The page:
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This piece was published in December 1999 in Game Developer Magazine.

Gaming Needs an Indy Label

Yesterday, I went to see Kristin Hersh live at the Knitting Factory. The club was packed. Hersh releases on 4AD--an independent label. It's not owned by Sony or Time Warner or BMG. Hersh doesn't get the kind of promo that major-label artists do--but she has more control over what gets released. Hersh is never going to chart--but she makes enough to live quite well, and reaches an audience of enthusiasts.

Tonight, I'm going down to the Angelika with my sweetie. It's New York's primary venue for independent films. The movies they show are never going to appear at your local Odeon or Sony theater; they'll be lucky to reach 500 screens in the States. But there are enough theaters like the Angelika to support a whole market for independent films--films that will never gross like a Hollywood blockbuster, but reach an audience of enthusiasts, and earn enough to let many people live quite well.

At times, the music and movie industries look dull and played out and repetitive. You get the same damn formulas over and over, the same artists, the same directors. But that never lasts, and for one single reason: There's a venue for independent work. Indy labels and indy film companies experiment, at lower budgets, with the offbeat and original. And sometimes, they hit a nerve, build an audience, and ultimately rejuvenate the field. It happens over and over in the music business, and you can see it happening in film with The Blair Witch Project today.

Right now, the game industry looks dull and played out and repetitive. We get the same damn formulas over and over again. Yet another shooter. Yet another RTS game. Yet another racer.

A title as original or offbeat as SimCity or Balance of Power or M.U.L.E.--hell, or Frogger--could not get funded today.

Gaming needs a venue for independent work.

Two years ago, Miller Freeman did the industry a service by launching the Independent Games Festival. It's a place for 'garage' developers to showcase product, get exposure, and maybe land a publisher. That's great, but it's not enough--because they're dealing with the same publishers as everyone else, EA and Interplay and GT. The majors will fund the tried and true, another shooter or RTS or racer. They'll happily exploit low-budget newbies who develop something that fits into slots they know how to sell--but they're not going to experiment with something new, something offbeat, something that will probably fail but just might rejuvenate the field.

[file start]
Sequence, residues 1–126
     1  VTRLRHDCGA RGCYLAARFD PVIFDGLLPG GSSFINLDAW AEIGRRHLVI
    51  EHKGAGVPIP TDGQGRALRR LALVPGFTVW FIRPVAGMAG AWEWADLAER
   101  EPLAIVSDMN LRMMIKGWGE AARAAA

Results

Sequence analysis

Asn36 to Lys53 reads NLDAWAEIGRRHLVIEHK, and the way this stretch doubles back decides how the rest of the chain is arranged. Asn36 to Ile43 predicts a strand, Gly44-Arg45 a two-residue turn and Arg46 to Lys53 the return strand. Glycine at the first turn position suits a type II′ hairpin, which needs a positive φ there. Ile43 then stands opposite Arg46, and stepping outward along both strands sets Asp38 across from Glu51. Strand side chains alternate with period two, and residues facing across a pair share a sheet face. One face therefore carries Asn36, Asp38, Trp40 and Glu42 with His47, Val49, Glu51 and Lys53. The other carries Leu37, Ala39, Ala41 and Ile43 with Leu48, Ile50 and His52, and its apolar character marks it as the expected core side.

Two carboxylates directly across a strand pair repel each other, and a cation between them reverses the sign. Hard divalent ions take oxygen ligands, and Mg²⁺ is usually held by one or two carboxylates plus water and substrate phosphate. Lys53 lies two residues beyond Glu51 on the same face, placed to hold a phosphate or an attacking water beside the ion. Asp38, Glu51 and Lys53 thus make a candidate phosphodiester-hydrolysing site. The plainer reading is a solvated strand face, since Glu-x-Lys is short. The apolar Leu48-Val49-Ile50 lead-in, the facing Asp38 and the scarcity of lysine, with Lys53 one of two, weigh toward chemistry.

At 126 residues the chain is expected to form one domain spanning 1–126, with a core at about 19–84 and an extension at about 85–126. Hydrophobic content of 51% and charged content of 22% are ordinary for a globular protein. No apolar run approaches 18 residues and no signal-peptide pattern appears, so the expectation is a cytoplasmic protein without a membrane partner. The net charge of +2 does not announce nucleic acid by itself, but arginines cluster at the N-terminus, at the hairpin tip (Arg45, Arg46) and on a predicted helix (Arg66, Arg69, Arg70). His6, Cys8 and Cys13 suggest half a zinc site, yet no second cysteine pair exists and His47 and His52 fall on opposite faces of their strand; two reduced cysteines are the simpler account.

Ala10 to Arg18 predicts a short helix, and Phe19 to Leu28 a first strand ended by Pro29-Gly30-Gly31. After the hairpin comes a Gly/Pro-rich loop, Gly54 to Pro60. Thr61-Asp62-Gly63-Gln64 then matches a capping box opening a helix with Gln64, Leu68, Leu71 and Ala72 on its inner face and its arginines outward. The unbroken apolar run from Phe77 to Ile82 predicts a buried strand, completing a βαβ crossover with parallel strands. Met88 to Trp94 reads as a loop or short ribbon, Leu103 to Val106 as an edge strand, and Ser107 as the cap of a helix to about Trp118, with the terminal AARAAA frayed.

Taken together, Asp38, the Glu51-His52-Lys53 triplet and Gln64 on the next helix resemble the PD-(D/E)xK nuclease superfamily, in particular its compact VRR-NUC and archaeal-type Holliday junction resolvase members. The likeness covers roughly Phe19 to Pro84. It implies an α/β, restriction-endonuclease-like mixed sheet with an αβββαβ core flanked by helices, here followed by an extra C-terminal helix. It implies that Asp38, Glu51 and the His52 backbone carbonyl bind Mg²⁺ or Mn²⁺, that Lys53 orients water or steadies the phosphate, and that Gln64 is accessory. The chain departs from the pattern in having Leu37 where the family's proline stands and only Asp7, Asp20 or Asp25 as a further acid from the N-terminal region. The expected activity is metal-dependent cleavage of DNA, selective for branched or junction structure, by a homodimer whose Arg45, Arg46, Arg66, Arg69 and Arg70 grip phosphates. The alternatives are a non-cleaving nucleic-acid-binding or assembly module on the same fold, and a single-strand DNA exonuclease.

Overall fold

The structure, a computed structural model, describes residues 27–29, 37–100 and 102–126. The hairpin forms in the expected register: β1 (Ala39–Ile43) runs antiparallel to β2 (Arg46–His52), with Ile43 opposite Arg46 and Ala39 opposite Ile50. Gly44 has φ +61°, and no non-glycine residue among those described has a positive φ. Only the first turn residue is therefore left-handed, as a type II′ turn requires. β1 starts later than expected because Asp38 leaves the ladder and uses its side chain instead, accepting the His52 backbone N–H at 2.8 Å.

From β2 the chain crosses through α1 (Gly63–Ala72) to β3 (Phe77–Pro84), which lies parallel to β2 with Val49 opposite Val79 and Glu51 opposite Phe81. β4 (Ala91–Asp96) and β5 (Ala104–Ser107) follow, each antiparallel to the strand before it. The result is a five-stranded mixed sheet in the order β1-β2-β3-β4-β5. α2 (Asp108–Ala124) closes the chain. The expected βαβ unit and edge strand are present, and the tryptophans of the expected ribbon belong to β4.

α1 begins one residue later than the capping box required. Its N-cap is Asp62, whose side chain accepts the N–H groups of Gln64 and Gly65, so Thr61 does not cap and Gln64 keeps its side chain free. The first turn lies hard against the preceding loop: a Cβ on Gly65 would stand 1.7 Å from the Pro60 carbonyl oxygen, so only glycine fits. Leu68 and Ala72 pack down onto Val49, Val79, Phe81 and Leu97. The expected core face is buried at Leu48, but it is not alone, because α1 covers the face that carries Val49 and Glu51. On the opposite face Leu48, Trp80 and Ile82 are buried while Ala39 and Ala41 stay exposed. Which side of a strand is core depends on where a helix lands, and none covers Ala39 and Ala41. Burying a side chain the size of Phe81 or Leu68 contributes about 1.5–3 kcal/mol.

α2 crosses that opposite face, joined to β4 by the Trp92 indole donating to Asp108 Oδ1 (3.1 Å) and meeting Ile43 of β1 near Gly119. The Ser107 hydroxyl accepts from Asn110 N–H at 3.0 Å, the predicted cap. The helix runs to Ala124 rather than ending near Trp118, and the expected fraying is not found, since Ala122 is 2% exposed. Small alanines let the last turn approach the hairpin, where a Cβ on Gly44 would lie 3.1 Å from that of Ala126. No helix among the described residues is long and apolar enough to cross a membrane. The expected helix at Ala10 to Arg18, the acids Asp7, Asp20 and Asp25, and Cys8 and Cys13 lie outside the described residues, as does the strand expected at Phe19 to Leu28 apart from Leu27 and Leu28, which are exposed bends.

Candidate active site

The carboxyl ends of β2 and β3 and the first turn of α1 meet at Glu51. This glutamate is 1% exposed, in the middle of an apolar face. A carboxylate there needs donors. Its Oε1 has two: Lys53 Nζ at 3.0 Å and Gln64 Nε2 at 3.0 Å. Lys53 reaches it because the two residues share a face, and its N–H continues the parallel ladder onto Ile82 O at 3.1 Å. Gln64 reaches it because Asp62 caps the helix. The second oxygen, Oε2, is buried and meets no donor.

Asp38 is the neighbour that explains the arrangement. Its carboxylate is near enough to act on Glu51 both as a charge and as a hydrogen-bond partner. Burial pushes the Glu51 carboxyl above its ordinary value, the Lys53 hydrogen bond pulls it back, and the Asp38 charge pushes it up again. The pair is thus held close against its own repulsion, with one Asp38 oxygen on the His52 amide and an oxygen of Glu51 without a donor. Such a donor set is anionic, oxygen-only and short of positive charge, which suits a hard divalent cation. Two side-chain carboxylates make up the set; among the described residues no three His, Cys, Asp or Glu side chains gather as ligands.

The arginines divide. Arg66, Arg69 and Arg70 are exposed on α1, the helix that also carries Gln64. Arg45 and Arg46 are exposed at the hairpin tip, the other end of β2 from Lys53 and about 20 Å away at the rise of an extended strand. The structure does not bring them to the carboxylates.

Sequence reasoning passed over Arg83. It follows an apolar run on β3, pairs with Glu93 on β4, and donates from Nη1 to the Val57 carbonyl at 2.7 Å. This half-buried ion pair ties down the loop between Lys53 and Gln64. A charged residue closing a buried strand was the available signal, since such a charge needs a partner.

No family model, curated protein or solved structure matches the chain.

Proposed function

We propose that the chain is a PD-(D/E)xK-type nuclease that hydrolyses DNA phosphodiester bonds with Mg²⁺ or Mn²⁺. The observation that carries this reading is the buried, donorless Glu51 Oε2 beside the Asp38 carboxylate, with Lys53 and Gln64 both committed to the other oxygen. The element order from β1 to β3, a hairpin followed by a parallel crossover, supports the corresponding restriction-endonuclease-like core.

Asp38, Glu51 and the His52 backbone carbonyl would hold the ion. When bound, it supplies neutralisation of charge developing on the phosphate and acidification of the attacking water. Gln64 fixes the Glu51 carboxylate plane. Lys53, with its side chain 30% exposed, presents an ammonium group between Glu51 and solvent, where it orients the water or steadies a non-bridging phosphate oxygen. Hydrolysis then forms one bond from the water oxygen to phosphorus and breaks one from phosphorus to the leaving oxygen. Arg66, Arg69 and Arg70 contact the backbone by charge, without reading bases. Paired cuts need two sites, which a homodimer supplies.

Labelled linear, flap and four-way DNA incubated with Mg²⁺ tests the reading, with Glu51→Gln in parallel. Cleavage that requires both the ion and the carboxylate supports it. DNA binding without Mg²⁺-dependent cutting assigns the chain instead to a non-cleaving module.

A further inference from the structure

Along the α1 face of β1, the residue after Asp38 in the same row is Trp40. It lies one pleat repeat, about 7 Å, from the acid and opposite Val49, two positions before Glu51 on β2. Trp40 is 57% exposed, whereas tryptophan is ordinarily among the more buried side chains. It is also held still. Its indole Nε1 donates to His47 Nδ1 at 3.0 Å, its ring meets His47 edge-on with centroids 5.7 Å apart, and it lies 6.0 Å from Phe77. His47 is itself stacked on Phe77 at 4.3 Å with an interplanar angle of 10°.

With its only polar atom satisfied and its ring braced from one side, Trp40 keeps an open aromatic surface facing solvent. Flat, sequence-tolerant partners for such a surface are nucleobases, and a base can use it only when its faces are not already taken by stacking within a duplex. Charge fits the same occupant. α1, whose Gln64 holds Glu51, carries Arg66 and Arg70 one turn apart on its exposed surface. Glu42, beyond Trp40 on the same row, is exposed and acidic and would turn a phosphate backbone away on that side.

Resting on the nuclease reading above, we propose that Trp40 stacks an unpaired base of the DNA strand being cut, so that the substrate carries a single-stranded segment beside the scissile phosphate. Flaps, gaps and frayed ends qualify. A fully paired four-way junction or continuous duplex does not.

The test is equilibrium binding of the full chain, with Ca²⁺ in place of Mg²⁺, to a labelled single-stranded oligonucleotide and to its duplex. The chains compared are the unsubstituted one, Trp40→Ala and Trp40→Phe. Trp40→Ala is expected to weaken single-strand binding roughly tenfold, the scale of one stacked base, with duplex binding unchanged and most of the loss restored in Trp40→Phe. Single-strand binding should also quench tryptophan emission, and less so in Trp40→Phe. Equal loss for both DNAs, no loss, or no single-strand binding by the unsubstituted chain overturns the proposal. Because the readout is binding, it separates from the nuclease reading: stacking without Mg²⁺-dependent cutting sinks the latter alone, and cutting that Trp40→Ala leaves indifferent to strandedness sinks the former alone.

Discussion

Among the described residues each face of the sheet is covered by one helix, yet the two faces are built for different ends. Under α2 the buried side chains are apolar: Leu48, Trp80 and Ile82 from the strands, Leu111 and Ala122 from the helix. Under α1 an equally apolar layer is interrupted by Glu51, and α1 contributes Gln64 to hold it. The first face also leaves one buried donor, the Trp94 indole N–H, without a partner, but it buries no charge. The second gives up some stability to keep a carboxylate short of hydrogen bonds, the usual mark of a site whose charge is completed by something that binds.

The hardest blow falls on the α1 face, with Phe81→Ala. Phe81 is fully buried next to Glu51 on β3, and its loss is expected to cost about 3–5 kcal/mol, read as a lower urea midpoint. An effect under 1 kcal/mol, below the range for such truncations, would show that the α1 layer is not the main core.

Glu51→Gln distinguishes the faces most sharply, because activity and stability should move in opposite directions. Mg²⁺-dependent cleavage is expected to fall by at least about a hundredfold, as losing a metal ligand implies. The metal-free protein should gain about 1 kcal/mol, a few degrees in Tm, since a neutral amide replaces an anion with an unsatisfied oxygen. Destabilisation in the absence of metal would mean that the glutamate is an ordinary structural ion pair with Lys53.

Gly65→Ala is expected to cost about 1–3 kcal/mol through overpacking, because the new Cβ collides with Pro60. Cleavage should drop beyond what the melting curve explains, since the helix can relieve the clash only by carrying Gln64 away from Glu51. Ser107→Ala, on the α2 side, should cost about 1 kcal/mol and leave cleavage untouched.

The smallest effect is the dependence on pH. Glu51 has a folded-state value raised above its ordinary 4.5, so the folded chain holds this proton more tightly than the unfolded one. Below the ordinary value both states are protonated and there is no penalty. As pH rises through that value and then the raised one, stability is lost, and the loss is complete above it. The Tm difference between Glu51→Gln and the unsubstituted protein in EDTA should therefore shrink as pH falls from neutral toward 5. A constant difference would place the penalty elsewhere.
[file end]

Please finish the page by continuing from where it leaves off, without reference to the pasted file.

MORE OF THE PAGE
The problem? There's no way to distribute an independent game. Yes, with a little effort, you can land a meeting with the buyer for CompUSA or Electronic Boutique or Software Etc., but they're not going to buy your game without the high-budget graphic glitz they expect from the majors and six figures in placement bucks and a commitment to a major marketing campaign. The typical mall software outlet still only has 40 facings for computer games, and there are 1500+ entertainment titles published annually, and anything that doesn't fit the mold isn't going to get exposure.

Indy films work because there's a separate, parallel distribution channel to the one for conventional film. Indy music works because there are a million record stores that cater to a million different tastes and a million small clubs where you can play to build an audience.

We've got nothing similar. We've got to build it.

How? As recently as 1991, a typical computer game cost around $250,000 to develop. Graphics and sound have improved a lot since then, but computer games haven't gotten any better as games. You don't need $1.5 million in development funding to develop a first-rate game; you can do it on $250-400,000. You just can't get shelf-space for a low-budget game.

But--at that level, you don't need 100,000 unit sales. You can make money if you can get rid of 20,000 copies. And how tough can that be? Hell, man, twelve years ago, I sold more than 20,000 copies of a wonky little paper game called Paranoia through a wonky little distribution chain cobbled together out of specialty hobby game stores and comic shops. I doubt I had 500 points of sale in North America.

It can be done.

Some people are trying; Firaxis will be selling Sid Meier's Antietam direct to consumers--no retail distribution. Michael Berlyn is bravely struggling to keep the text adventure alive through direct sales (Cascade publishing, deceased since I wrote this).

But we need more. We need a company committed to publishing truly original, offbeat, cool product and building the channel for its distribution--instead of shovelling the same old crap to the same old stores.

Gaming needs an indy label. For the sake of its own health, to act as basic R&D for the entire field, to find new gaming styles that can attract a large audience. Because development costs continue to spiral upward faster than unit sales and we have to find a way to break that iron cycle. But most important, because I'm tired of the same old same old and want to play something really cool and new.

Don't you?

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Copyright © 1999-2000 by Greg Costikyan.